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EDITIONS
NEWS Tuesday, 9 March, 1999, 19:23 GMT
NHS to get an extra 430m
Casualty doctor
The NHS is to receive an extra 430m of public funding to upgrade every accident and emergency department that needs modernisation in the UK.

Chancellor Gordon Brown announced the extra cash in his budget speech on Tuesday.

The money is in addition to the 21bn that Mr Brown announced would be pumped into the health service over the next three years following his Comprehensive Spending Review last July.

Mr Brown told the House of Commons that not only would the pledges made last July be honoured in full, but more cash could now be made available from the Capital Modernisation Fund.

Mr Brown said he wanted to build a culture of enterprise and fairness.

"Because enterprise and fairness depend on modern public services, we are not only providing the 40bn extra we promised to health and education but today I will announce more money and more capital investment in schools, hospitals, transport and fighting crime.

"After long years of neglect step by step this government is rebuilding our public services.

"To enhance in every part of the UK the health care that people most urgently require we today make an additional and immediate cash allocation, to be spent in the next 12 moths, for the upgrading of every single accident and emergency unit which needs it, in every part of Britain."

Mr Brown said the 21bn the government had already pumped into the health service had made possible the largest hospital building programme since the war.

He also said the NHS Direct initiative, whereby patients phone a central number for health advice and, if necessary, referral to the appropriate sector of the health service, was a proven success.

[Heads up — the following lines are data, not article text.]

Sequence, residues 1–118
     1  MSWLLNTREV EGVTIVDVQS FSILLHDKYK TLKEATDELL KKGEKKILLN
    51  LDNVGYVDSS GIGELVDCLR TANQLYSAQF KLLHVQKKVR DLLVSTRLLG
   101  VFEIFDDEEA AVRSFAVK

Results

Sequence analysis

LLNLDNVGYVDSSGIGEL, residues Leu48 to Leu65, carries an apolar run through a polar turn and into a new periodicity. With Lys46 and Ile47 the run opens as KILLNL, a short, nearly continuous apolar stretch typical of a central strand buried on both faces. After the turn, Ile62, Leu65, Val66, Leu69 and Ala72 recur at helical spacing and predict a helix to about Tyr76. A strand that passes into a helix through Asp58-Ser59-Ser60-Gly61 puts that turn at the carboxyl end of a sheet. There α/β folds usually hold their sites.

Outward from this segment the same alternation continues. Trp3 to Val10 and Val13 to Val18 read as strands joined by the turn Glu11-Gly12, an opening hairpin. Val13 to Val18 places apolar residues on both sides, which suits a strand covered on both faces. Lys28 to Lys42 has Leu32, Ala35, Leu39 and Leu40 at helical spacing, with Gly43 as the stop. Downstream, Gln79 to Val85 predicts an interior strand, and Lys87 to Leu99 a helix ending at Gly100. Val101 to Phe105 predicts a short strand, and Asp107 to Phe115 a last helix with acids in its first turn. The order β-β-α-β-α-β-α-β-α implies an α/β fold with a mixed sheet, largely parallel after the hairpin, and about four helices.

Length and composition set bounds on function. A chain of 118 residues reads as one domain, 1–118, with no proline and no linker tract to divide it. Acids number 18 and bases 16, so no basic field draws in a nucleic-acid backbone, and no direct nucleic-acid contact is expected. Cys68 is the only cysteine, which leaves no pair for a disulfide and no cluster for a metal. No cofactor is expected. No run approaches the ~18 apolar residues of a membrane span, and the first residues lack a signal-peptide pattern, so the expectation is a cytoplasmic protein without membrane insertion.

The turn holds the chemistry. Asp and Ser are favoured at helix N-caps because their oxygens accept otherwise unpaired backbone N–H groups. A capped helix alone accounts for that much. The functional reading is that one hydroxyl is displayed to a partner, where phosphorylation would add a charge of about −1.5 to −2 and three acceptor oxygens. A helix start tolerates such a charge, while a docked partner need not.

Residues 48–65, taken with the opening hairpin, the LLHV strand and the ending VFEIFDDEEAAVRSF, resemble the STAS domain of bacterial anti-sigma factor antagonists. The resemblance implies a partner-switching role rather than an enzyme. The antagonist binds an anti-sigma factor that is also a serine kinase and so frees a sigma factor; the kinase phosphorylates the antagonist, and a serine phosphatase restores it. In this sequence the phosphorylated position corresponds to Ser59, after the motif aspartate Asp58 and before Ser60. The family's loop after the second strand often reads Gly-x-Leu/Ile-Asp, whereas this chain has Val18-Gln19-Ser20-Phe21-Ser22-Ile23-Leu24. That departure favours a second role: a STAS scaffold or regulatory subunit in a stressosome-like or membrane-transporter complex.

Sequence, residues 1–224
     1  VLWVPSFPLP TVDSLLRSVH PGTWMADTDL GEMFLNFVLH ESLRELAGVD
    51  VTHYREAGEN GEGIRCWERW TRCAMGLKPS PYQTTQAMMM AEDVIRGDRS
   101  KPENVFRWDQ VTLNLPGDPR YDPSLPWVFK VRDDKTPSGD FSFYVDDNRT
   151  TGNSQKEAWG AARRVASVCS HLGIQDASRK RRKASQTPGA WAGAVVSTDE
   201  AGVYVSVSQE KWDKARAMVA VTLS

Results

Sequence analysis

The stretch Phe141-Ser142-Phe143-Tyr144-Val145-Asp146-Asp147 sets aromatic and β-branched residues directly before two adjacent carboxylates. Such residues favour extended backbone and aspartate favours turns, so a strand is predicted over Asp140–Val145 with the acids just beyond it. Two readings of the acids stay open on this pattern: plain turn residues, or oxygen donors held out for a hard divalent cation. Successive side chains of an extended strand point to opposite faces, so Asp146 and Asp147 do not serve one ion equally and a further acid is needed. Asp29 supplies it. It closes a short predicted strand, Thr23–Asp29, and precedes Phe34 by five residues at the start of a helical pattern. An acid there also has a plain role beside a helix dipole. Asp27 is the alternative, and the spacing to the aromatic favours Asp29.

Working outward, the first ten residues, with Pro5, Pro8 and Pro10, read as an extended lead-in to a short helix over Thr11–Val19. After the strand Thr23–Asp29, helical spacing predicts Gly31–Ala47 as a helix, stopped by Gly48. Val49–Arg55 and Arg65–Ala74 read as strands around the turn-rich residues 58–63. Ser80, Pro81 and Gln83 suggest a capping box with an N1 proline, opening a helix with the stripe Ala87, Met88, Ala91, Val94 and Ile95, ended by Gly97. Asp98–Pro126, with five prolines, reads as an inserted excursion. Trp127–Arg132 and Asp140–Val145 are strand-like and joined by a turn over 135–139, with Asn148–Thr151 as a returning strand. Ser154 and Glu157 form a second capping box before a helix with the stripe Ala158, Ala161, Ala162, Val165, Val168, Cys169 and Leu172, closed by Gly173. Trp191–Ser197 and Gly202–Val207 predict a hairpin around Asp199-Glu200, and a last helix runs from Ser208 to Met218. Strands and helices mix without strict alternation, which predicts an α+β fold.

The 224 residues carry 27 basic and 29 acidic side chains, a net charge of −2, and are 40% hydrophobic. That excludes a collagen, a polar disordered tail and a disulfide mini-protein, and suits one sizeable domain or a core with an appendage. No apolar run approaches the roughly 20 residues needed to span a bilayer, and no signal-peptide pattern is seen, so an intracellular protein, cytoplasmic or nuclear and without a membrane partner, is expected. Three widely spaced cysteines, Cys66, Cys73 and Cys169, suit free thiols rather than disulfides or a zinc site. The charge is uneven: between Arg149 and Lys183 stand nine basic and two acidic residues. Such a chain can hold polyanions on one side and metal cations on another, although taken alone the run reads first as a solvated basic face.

"Later this week the secretary of state for health will announce detailed proposals not only to extend it to all of the country by the end of next year, but to carry NHS Direct right into communities - with a network of health centres and drop-in centres where people can get immediate advice about treatment," he said.

Doctors pleased

Stephen Thornton
Stephen Thornton warned more cash was still needed
The British Medical Association has welcomed the extra cash.

Dr Mac Armstrong, BMA Secretary said: "If this is genuinely new money, it will provide a very welcome boost for our NHS accident and emergency departments.

"We saw A & E departments stretched to the limit this winter.

"Modernising our facilities will improve services to patients, should defuse the tensions which result when patients wait for hours in unsatisfactory conditions and relieve stress on doctors and nurses."

The NHS Confederation warned that there was still a "massive problem" of backlog maintenance in the NHS.

Chief Executive Stephen Thornton said: "Even with these additional sums, people must be realistic about what the NHS can achieve.

"There are many more equally important demands for the use of capital in the NHS - not just accident and emergency departments."

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See also:

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